The NHL Stanley Cup playoffs are well under way, and VidOvation’s In-Net GoalCam has the best seat in all 16 first-round houses. The company’s In-Net GoalCam 60 GHz wireless technology is mounted in each goal, delivering fully uncompressed video with no bit or resolution manipulation.

In-net Wireless GoalCam for Goal VerificationPresident/CEO Jim Jachetta shows off In-Net GoalCam.

“The video goes from the goal, up to the NHL rack in the replay room, [and] then gets transported to Toronto, where Head Official Mike Murphy looks at all the instant replays,” says VidOvation President/CEO Jim Jachetta. “If there’s a disputed call, they rewind the recorders and look to see if the puck is in or out.”

The In-Net GoalCam, which feeds HD, 720p video via RF transmitter, can be adjusted, panned, tilted, focused, and zoomed remotely via PC. The system includes a receiver that can be mounted in the ceiling up to 150 ft. high.

Also on display at last week’s NAB Show, the SSFC100 Storage Protocol and File Accelerator was developed through VidOvation’s partnership with UK-based ARG Digital. Specifically designed for linking storage area networks without the performance penalties normally associated with long-distance connections, the File Accelerator lends itself particularly well to sports. Using the example of an NBA Playoff game, Jachetta describes a scenario in which the game video has to be sent to the NBA’s archiving facilities for metadata tagging and highlight creation.

“You run into problems moving these large files across networks, whether public networks or private networks,” he says, “It’s difficult for the Internet to handle these very large files. A device like the File Accelerator will reduce the time eightfold or more to move these large files. Say, a file took eight hours to get through the network using traditional protocols; the device will cut that down to 45 minutes.

“In our fast paced world,” he continues, “the quicker the video files can get through the network, the better.”

See the story at http://sportsvideo.org/main/blog/2012/04/24/vidovations-jachetta-talks-disputed-goals-accelerated-file-transfer/

By: Karen Hogan, Assistant Editor
Tuesday, April 24, 2012 – 11:53 am

The NHL Stanley Cup playoffs are well under way, and VidOvation’s In-Net GoalCam has the best seat in all 16 first-round houses. The company’s In-Net GoalCam 60 GHz wireless technology is mounted in each goal, delivering fully uncompressed video with no bit or resolution manipulation.

President/CEO Jim Jachetta shows off In-Net GoalCam.

“The video goes from the goal, up to the NHL rack in the replay room, [and] then gets transported to Toronto, where Head Official Mike Murphy looks at all the instant replays,” says VidOvation President/CEO Jim Jachetta. “If there’s a disputed call, they rewind the recorders and look to see if the puck is in or out.”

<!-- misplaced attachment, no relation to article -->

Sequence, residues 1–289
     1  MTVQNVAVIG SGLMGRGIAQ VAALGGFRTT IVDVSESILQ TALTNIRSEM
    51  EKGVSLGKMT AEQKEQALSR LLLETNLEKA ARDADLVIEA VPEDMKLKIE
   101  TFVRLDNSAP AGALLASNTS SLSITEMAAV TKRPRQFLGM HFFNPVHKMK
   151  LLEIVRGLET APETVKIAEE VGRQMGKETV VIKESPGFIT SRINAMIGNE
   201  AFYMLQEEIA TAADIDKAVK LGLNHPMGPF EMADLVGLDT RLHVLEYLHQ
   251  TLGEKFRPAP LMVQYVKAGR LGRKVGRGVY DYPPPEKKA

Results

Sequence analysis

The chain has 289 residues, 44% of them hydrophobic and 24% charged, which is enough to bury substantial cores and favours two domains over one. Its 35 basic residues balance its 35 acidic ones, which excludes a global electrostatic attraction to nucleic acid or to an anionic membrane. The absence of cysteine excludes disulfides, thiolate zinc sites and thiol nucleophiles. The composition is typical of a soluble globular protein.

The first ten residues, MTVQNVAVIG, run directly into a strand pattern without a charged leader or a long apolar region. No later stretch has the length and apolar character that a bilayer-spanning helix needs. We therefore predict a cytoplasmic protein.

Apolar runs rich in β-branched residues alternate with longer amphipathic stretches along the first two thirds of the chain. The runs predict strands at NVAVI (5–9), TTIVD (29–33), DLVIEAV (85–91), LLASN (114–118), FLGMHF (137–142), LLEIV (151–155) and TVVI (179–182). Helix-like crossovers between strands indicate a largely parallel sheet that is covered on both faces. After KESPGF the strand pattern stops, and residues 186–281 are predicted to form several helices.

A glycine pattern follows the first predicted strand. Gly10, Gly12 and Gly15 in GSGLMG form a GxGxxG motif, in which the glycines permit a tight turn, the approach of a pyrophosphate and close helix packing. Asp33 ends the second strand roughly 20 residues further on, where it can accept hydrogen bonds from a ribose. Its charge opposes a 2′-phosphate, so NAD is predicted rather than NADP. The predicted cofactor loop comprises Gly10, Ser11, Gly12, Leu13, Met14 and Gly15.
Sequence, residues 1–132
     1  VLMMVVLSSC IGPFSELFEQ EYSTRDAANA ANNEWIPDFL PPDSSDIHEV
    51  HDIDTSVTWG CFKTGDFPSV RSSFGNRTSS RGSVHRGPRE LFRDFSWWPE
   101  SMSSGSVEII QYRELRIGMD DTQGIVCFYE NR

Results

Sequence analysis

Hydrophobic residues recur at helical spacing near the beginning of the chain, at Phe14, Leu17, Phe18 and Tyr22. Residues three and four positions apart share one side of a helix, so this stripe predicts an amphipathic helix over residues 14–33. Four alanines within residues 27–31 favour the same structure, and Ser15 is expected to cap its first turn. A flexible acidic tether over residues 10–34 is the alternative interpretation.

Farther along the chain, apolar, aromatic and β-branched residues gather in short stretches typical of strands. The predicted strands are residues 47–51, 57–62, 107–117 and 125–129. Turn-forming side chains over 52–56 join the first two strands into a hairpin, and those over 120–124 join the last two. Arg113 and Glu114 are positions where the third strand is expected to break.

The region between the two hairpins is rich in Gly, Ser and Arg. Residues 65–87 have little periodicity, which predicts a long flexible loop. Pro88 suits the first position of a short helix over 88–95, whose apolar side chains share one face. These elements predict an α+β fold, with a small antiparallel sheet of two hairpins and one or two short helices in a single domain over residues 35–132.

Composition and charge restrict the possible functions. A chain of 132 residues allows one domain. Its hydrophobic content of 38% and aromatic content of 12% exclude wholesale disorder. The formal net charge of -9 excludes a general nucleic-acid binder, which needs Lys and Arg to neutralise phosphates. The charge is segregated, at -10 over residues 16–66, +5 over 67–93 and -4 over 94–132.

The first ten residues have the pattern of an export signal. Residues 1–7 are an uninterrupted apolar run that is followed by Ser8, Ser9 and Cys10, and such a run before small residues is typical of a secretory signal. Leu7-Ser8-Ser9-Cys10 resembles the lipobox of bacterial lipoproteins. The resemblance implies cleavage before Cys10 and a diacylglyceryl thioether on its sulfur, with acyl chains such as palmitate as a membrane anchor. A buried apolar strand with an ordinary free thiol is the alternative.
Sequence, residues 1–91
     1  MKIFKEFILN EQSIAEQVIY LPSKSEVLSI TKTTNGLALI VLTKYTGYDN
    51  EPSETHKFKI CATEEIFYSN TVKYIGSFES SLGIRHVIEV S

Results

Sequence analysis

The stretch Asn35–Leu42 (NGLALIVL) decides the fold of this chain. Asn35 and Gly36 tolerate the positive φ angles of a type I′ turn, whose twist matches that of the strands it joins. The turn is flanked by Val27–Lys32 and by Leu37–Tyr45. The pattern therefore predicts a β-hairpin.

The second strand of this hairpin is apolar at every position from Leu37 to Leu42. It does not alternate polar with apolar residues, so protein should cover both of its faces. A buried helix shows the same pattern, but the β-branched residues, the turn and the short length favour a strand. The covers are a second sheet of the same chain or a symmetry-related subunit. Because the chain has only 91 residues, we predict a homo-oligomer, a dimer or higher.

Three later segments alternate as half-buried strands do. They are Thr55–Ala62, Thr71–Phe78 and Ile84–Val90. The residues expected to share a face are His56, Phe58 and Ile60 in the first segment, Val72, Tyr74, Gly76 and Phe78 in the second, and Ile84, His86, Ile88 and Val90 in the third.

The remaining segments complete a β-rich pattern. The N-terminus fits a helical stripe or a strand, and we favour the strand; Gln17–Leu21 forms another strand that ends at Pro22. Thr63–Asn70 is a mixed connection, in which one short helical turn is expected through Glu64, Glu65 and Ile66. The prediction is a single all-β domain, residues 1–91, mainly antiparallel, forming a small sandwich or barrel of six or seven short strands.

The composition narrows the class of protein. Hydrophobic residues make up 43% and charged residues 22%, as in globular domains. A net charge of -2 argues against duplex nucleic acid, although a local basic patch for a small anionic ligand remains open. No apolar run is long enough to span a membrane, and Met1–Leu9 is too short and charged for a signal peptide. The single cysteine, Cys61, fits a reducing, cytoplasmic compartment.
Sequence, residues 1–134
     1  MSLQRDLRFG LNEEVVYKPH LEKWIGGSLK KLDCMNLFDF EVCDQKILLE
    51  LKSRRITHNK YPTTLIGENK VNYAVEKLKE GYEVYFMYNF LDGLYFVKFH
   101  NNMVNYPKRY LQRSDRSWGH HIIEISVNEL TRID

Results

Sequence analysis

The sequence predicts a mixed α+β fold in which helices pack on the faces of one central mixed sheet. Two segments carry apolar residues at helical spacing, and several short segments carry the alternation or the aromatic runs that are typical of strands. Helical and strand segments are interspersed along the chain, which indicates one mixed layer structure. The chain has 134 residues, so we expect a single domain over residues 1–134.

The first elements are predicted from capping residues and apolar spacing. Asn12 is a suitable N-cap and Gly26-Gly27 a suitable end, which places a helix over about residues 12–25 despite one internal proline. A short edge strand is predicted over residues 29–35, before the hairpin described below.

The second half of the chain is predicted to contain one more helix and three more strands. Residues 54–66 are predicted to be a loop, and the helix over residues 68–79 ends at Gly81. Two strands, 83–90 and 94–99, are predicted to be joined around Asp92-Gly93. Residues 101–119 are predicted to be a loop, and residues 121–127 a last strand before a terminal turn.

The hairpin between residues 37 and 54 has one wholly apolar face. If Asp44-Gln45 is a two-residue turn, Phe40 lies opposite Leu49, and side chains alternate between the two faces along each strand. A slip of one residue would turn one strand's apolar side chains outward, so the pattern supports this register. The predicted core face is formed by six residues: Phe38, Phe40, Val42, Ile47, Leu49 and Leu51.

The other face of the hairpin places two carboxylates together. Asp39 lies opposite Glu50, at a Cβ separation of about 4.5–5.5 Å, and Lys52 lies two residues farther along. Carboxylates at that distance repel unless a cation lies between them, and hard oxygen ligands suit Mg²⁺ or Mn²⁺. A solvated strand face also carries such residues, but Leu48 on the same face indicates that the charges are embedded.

The In-Net GoalCam, which feeds HD, 720p video via RF transmitter, can be adjusted, panned, tilted, focused, and zoomed remotely. The system includes a receiver that can be mounted in the ceiling up to 150 ft. high.

Also on display at last week’s NAB Show, the SSFC100 Storage Protocol and File Accelerator was developed through VidOvation’s partnership with UK-based ARG Digital. Specifically designed for linking storage area networks without the performance penalties normally associated with long-distance connections, the File Accelerator lends itself particularly well to sports. Using the example of an NBA Playoff game, Jachetta describes a scenario in which the game video has to be sent to the NBA’s archiving facilities for metadata tagging and highlight creation.

“You run into problems moving these large files across networks, whether public networks or private networks,” he says, “It’s difficult for the Internet to handle these very large files. A device like the File Accelerator will reduce the time eightfold or more to move these large files. Say, a file took eight hours to get through the network using traditional protocols; the device will cut that down to 45 minutes.

“In our fast paced world,” he continues, “the quicker the video files can get through the network, the better.”

Posted in Applications - Industries, Broadcast, NAB Show, NHL - National Hockey League, Sports, Storage - Archive, Trade Shows, Wireless Video | Tagged , , , , , , , | Leave a comment

NY Islanders first for VidOvation NHL In-net GoalCam Cameras for Goal Verification

VidOvation and the NHL integration team have successful installed the first set of In-net HD Goal Cameras for Goal Verification for the NY Islanders.

Please click to see video highlights with VidOvation GoalCam camouflaged on the back upper crossbar.

The In-net GoalCam 60GHz wireless technology is a customizable solution that fits the most demanding sports needs.  This one-of-a-kind wireless technology delivers fully uncompressed video with no bit or resolution manipulation.  Utilizing a 60 GHz wireless platform, the GoalCam offers uncompressed and un-coded broadcast quality video at a competitive price.  While the RF transmitter and camera is integrated in a custom ruggedized housing with an extruded aluminum tube with polycarbonate shock resistant domes on each end.  Not to mention an integrated safety and quick release positive registration bracket that adjusts to all mounting application.

Posted in Applications - Industries, News, NHL - National Hockey League, Sports, Wireless Video | Tagged , , , , , , , , , , , , | 1 Comment

A Maple Leafs Player Destroyed A Pricey Goal Camera – Our GoalCam can take a bullet

Our goal cam can take a bullet – can’t wait to challenge the NHL players when we integrate our systems. VidOvation will start delivering in-net wireless goal cameras for each of the NHL’s 30 venues. The goal cameras use 60-GHz wireless HD-SDI RF technology to aid and support officiating and instant replay to ensure accurate calls.

Toronto Maple Leafs player Joffrey Lupul cost someone a pretty penny when he broke an in-goal camera with a sizzling shot last night.